Bartholomew: turning Hagia Sophia into a mosque would cause a rift between Christians and Islam
by NAT da Polis

The holiness of Hagia Sophia constitutes a vital centre where west and east can meet; its conversion into a mosque will a drive a wedge between these two worlds.

Istanbul (AsiaNews) – The possible conversion of Hagia Sophia (pictured: a mosaic) into a mosque will push Christians of the world against Islam, said yesterday Bartholomew, the ecumenical patriarch of Constantinople, during the Mass for the feast day of the Holy Apostles.

The Patriarch spoke on the eve of a Turkish court's ruling on the conversion of Hagia Sophia into a mosque, a pet project of Turkish President Tayyip Erdogan, one repeatedly trumpeted by various ministers.

Bartholomew notes that the holiness of Saint Sophia constitutes a vital centre, where west and east can meet; its conversion into a mosque would drive a wedge between these two worlds.

It is absurd, the ecumenical patriarch added, that Saint Sophia, the meeting and admiration point between these two worlds, could pit the two against each other, and this in the 21st century.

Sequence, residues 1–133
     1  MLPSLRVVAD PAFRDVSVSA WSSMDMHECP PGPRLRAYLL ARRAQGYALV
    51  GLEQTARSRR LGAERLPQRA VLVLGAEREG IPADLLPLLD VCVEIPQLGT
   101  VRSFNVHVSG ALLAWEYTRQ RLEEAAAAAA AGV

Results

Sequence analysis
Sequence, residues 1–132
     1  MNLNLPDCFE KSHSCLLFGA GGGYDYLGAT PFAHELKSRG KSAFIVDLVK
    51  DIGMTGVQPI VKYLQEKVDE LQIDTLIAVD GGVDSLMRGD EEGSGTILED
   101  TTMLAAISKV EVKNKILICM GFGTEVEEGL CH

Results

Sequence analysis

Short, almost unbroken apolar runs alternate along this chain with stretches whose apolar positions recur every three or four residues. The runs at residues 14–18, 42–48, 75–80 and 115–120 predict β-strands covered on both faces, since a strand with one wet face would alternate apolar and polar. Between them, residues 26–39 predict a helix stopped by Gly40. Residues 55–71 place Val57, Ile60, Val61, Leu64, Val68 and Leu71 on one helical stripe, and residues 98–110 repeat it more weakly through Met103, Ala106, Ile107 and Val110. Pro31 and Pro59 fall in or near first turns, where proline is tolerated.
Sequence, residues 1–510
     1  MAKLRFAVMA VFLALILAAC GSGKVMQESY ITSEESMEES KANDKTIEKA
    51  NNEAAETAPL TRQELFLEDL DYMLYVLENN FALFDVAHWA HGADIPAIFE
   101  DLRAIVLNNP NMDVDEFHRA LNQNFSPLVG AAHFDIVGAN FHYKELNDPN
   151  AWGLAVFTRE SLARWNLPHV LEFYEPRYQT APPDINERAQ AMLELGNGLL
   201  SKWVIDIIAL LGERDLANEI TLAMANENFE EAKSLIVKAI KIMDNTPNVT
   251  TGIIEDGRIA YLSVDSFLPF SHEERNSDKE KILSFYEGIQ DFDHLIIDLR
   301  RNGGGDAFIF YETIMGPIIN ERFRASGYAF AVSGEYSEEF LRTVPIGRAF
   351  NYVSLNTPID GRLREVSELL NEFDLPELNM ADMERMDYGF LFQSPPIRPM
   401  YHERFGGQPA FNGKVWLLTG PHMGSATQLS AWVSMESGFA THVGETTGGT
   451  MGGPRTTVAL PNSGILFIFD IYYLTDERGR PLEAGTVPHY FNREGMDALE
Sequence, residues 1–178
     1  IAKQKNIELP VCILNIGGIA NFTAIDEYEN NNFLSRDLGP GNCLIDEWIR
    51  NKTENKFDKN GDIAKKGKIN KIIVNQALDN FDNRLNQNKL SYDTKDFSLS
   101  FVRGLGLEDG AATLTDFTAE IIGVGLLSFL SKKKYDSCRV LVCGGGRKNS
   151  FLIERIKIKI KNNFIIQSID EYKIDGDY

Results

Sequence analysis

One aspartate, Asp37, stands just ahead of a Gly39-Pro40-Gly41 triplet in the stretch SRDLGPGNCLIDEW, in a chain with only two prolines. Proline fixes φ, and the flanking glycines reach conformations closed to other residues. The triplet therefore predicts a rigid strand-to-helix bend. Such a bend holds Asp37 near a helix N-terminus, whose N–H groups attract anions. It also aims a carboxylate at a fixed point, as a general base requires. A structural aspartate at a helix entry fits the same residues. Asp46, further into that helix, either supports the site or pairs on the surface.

For the ecumenical patriarch, Saint Sophia does not belong only to those who own it, but to humanity as whole. Thus, the people of Turkey have the great responsibility and great honour to highlight the universality of this historic monument.

As a museum, Hagia Sophia constitutes a place of meeting, dialogue, solidarity, and understanding between these two worlds.

As observed in diplomatic circles, Bartholomew is appealing to the civic conscience and magnanimity of the Turkish people, in this historic point in time. Last week, the Patriarch told the Washington Post that he could not understand the position taken by Tayip Erdoğan,

In light of ongoing geopolitical tensions, many people are hoping for a wise compromise, as a way out.

In fact, Erdoğan himself, in 2013, when then Deputy Prime Minister Bülent Arınç spoke of turning Hagia Sophia into a mosque, reminded him that the famous Blue Mosque, which is across from the Constantinian Basilica, is also empty.